Anorexia nervosa has the highest mortality rate of any psychiatric disease, and as such, there is an urgent need to find therapeutic targets for this eating disorder. Now, researchers describe their new mouse model that shows how a combination of genetic and environmental risk factors can trigger the disease.
The team, from Columbia University Medical Center (CUMC), has published the results in the journal Translational Psychiatry.
They note that anorexia is the third most common chronic illness among young people in the US and has a mortality rate of 8-15%.
Many people with anorexia view themselves as being overweight, even when they are underweight, and they obsess about eating, food and weight control.
Symptoms of the eating disorder include very low body weight, food restriction, continuous pursuit of thinness, fear of weight gain and distorted body image. Additionally, some girls and women do not menstruate as a result of their low body weight.
Researchers have suspected that the risk of anorexia is raised by a combination of genetic, biological, psychological and sociocultural variables, but a major obstacle to the development of new treatments has been the lack of animal models that recap the pattern of disease onset in humans.
The researchers of this latest study, led by Lori Zeltser, PhD, from CUMC, say that although previous animal models of anorexia have included some variables, there were not any that were able to incorporate the social stress and genetic components of anxiety and anorexia that likely contribute to anorexia in humans.
Gene variant, social stress and restricted diet: a dangerous combination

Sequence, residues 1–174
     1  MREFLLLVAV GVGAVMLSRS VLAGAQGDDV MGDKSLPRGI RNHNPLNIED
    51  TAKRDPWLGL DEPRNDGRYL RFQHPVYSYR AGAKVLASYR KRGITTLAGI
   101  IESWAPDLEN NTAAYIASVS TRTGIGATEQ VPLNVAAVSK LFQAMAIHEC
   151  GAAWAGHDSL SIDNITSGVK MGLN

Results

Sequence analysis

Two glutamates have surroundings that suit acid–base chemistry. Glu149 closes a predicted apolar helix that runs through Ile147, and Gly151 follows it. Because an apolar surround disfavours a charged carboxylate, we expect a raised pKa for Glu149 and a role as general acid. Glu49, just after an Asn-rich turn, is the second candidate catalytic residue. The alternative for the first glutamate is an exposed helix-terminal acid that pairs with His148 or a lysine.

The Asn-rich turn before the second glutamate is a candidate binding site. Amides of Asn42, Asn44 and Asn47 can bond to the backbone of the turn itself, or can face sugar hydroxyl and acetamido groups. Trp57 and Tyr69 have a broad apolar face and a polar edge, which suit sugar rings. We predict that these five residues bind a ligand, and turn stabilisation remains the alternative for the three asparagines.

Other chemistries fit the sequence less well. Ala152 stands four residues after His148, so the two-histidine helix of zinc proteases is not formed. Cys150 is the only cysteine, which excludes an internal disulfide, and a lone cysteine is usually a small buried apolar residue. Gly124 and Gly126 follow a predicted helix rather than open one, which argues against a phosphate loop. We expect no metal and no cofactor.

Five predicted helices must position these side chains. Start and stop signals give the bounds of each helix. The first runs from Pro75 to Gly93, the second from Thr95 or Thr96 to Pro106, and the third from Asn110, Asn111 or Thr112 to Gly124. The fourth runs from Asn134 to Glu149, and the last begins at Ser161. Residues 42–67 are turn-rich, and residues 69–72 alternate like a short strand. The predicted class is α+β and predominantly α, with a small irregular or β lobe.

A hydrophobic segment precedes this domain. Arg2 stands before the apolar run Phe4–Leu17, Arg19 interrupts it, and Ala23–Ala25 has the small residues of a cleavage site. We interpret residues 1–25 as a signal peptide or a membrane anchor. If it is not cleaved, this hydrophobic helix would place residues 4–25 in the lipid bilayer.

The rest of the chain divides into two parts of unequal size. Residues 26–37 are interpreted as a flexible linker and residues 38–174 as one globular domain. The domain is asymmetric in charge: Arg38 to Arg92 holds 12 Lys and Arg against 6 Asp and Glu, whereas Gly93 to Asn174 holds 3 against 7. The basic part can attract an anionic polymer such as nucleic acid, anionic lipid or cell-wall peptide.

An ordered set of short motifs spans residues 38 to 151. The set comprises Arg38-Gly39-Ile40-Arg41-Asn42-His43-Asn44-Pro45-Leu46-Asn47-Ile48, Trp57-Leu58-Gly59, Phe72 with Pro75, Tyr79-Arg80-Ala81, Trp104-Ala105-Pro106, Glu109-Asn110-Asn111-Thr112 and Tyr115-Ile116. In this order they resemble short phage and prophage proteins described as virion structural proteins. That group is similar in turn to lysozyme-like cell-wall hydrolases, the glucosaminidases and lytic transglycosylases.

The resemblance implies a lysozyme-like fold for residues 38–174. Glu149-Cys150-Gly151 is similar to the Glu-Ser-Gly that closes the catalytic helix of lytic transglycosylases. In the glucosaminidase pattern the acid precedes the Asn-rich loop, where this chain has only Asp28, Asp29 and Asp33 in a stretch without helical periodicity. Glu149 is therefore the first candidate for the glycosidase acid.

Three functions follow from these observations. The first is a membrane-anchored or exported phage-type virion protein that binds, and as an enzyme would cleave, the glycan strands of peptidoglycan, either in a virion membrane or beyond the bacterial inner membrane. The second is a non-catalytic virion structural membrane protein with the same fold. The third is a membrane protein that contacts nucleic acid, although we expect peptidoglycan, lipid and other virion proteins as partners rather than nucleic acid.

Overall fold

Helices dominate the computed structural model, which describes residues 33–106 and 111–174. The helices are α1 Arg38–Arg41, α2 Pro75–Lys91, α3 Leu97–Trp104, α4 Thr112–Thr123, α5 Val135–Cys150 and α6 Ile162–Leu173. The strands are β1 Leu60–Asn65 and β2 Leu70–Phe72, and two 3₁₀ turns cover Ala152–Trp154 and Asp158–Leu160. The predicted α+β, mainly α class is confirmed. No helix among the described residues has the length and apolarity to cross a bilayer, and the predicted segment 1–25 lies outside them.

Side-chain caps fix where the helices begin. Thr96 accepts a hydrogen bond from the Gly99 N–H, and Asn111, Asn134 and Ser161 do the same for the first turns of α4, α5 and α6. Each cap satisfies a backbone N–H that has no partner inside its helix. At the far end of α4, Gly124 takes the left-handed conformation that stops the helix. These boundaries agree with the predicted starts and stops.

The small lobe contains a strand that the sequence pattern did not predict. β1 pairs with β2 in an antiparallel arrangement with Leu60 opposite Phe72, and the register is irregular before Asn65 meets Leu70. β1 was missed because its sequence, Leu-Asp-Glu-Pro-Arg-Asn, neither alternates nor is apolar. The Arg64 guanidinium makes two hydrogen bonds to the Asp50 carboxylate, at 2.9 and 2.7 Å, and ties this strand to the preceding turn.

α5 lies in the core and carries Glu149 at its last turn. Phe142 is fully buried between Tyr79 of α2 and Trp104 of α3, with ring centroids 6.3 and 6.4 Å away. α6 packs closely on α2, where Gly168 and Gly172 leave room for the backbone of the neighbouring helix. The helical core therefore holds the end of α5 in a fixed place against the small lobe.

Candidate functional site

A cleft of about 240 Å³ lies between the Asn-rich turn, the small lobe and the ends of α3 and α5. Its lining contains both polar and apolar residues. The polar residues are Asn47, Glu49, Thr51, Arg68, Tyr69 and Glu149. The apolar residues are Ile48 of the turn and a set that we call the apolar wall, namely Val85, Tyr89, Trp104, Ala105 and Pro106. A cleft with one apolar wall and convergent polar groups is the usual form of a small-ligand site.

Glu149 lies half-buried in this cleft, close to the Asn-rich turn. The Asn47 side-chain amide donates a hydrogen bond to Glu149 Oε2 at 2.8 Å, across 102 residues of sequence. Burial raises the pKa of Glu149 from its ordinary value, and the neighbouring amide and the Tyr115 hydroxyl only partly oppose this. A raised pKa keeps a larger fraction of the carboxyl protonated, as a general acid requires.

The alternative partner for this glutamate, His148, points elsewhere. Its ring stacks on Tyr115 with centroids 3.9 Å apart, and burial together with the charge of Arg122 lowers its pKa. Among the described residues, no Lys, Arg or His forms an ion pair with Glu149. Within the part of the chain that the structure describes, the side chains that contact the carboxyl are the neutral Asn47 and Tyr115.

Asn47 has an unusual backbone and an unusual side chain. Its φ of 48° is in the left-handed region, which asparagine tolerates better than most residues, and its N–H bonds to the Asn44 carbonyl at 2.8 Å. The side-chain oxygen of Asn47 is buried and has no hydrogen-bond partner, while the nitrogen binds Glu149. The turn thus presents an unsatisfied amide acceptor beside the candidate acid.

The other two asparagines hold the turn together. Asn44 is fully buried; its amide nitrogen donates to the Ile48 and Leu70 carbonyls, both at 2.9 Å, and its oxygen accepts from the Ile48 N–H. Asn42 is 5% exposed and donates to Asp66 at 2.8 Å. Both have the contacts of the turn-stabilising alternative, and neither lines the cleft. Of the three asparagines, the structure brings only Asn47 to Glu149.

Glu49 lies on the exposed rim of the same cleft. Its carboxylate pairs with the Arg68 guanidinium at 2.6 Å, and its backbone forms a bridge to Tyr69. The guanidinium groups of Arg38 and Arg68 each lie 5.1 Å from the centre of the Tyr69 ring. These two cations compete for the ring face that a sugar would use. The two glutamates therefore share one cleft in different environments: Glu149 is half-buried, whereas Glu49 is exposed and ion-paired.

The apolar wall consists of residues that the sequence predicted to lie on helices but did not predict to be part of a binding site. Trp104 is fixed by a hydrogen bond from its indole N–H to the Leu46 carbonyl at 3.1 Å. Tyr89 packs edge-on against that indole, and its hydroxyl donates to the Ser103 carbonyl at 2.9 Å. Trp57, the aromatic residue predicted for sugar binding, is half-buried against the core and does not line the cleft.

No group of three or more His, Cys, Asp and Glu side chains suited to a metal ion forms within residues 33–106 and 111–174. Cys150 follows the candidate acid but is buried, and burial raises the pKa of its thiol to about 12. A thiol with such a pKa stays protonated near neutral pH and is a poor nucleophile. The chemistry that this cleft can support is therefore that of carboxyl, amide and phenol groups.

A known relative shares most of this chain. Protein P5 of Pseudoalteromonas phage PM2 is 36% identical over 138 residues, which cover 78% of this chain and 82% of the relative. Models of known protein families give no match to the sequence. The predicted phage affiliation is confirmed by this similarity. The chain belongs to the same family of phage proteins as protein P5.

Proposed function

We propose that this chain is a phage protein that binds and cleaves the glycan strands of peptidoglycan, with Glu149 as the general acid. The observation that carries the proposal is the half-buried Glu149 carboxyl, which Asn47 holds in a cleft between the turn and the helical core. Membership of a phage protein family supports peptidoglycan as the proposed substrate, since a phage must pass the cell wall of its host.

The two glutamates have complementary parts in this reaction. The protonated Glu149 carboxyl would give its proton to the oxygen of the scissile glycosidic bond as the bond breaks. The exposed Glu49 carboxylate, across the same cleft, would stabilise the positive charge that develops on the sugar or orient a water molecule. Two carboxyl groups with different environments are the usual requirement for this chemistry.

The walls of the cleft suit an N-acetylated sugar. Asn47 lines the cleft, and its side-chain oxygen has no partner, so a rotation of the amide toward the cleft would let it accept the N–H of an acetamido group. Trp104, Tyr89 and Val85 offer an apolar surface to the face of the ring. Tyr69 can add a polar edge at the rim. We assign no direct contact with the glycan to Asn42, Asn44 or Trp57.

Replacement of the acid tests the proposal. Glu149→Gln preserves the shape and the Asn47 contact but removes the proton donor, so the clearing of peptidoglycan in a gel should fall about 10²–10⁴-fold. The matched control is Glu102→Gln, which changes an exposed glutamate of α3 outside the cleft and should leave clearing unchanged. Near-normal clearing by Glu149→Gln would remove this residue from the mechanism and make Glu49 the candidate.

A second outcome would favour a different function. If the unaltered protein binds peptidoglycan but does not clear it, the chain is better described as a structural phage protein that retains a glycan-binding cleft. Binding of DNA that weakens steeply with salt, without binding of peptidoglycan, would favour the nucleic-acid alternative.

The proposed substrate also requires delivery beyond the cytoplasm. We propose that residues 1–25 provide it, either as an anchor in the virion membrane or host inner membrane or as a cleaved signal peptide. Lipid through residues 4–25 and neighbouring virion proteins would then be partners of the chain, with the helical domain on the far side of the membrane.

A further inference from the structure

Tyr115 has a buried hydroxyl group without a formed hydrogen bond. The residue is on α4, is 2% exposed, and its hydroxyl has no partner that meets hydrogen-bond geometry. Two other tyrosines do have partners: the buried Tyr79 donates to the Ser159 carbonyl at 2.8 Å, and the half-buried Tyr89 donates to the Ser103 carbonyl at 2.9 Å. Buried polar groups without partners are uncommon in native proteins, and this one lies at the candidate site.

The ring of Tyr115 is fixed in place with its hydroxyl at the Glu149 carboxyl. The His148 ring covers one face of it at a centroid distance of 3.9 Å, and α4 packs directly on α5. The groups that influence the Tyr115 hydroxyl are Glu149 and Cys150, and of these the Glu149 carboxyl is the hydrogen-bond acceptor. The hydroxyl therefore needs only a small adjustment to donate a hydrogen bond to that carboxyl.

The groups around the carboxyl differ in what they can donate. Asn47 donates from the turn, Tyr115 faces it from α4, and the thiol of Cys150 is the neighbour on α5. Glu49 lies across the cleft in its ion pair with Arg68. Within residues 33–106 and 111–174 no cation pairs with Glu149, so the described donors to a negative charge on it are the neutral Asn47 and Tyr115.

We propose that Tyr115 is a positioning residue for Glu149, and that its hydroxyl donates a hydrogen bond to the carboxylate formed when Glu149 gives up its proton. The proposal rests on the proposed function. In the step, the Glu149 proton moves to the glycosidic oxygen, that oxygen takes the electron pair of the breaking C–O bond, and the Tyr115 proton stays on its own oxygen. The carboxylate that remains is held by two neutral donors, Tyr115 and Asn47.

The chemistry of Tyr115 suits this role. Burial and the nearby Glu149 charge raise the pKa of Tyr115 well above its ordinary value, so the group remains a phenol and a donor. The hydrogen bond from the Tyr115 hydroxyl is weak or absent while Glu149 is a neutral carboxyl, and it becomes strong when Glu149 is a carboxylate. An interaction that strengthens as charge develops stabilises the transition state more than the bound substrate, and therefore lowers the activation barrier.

As such, the team exposed adolescent mice to at least one copy of the BDNF gene variant. This gene has been linked with anorexia and anxiety in both mice and humans.
They then put the mice on a calorie-restricted diet, which the researchers say typically precedes anorexia in humans, working as a trigger for eating issues. The mice's caloric intake was reduced by 20-30%, about the same equivalent to a typical human dieter's caloric reduction.
"One driver of anorexia in humans is peer pressure, specifically the desire to be thin," says Zeltser.
"People assumed that you couldn't replicate that in a mouse," she continues. "We decided to take peer pressure out of the equation and focus on social stress, which can be accomplished by housing mice alone, instead of in groups."
When the adolescent mice with the BDNF gene variant were exposed to both social isolation stress and a restricted diet, the researchers observed that they were more likely to avoid eating than control mice.
Interestingly, when the researchers imposed these environmental variables on adult mice, the feeding behavior changes did not happen.
Additionally, when the team imposed either the social stress or reduced diet - but not both - on the adolescent mice with the gene mutation, the mice did not show much change in their feeding behavior.
Commenting on their findings, Zeltser says: "Our findings show that having the at-risk genotype alone is not sufficient to cause anorexia-like behavior, but it confers susceptibility to social stress and dieting, especially during adolescence. You need all of these variables in place to see this robust effect on eating."
Because the study was conducted in mice and not humans, the researchers note that "there will always be questions about the extent to which a mouse model can fully capture a disorder as complex as [anorexia nervosa]."
However, they say that there are many key components of their model that "accurately reflect the conditions thought to promote eating disorders." These include the interactions between early life stress and the BDNF variant, increasing susceptibility; dieting often precedes the onset of anorexia, and its peak incidence is in adolescence.
"In the end, we've achieved a model that closely replicates the factors that elicit anorexic behavior in humans," concludes study author Moneek Madra, PhD, also from CUMC.
The researchers are presently using the new mouse model to investigate signaling pathways in the brain that may contribute to anorexic behavior. They hope to find therapeutic targets in the near future.
Medical News Today previously reported on a study that suggested people with anorexia may have different gut microbial communities than those of healthy individuals.
Click here for the original post written by Marie Ellis for Medical News Today.